This region is quite different geographically than the other regions I have traveled through. Galicia reminds me of Navarra in that the area is mountainous, filled with rolling hills and scarcely has any completely flat regions. When walking from Triacastela to Barbadelo, I was happily surprised to find that Galicia has various beautiful streams and waterfalls, which I have not yet seen on the Camino. This region was colder and more rainy than the other regions, especially Navarra and La Roja, who both had warmer weather and less rain. I have come upon far more small farming towns throughout the region than in any other. Also, unlike the other regions that all seemed to be filled with grazing sheep, most farms in Galicia seem to have cows and chickens. Most of the large cities that I stayed at in Galicia seem to be more commercialized and less personal than the previous areas we traveled through. The food in this region was different as well, gazpacho was more difficult to find in restaurants, and I found that the pilgrim menus were filled with more seafood, as this region is so close to the sea. I enjoyed traveling through Galicia and I cannot wait to return to this gorgeous region again someday. Stay true, live justly, and always travel on. Peace and love.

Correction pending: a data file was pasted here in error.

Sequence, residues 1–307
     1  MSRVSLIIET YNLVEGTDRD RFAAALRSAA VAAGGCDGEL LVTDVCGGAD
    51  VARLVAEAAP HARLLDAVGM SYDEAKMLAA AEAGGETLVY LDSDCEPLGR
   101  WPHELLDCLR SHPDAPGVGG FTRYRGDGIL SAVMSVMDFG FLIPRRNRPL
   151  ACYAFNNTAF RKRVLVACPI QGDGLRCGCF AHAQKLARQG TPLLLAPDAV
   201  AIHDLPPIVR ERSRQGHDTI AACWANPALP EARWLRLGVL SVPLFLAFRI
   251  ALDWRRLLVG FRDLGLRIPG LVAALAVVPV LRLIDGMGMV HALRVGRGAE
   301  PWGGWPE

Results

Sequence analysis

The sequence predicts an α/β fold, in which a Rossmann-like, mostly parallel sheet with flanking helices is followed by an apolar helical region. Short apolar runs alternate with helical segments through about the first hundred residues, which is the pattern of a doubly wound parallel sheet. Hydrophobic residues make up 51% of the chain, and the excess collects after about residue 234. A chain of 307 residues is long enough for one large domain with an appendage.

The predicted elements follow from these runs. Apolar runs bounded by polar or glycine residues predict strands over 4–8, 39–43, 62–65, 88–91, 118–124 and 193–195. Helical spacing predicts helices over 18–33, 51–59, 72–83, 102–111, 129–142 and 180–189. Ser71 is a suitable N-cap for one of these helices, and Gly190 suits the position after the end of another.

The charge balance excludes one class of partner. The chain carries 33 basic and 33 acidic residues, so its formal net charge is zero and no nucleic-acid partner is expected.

images from today

Today we walked more than 19 miles from Terradillo de Los Templarios to El Burgo Ranero. The walk was great, but the last five miles were mentally rough. Me and my friend Hannah both pulled each other through and we made it to the city by around 2:30pm. We’re staying at an adorable albergue called El Nogal. I made a salad with fresh veggies, chickpeas, artichoke hearts, white asparagus, and tomatoes for a few friends and I for dinner, it was so refreshing after a somewhat mentally strenuous day. I’m really starting to get to know and love all of the group members from my university that I’ve been traveling with, each person adds something extremely special to this group. Though this is an individual journey, it’s so amazing to experience all of this together. I wouldn’t want to change one thing. Tomorrow we have a shorter hiking day, 12 miles. Then on Thursday we head to Leon, for two rest days. I’m excited for Leon because some of my pilgrim friends are waiting for my group in Leon and we’ll all be together again on Thursday. I love my Camino family, I love my Camino. A few pictures from my travels today are below. Stay true, live justly, and always travel on. Peace and love.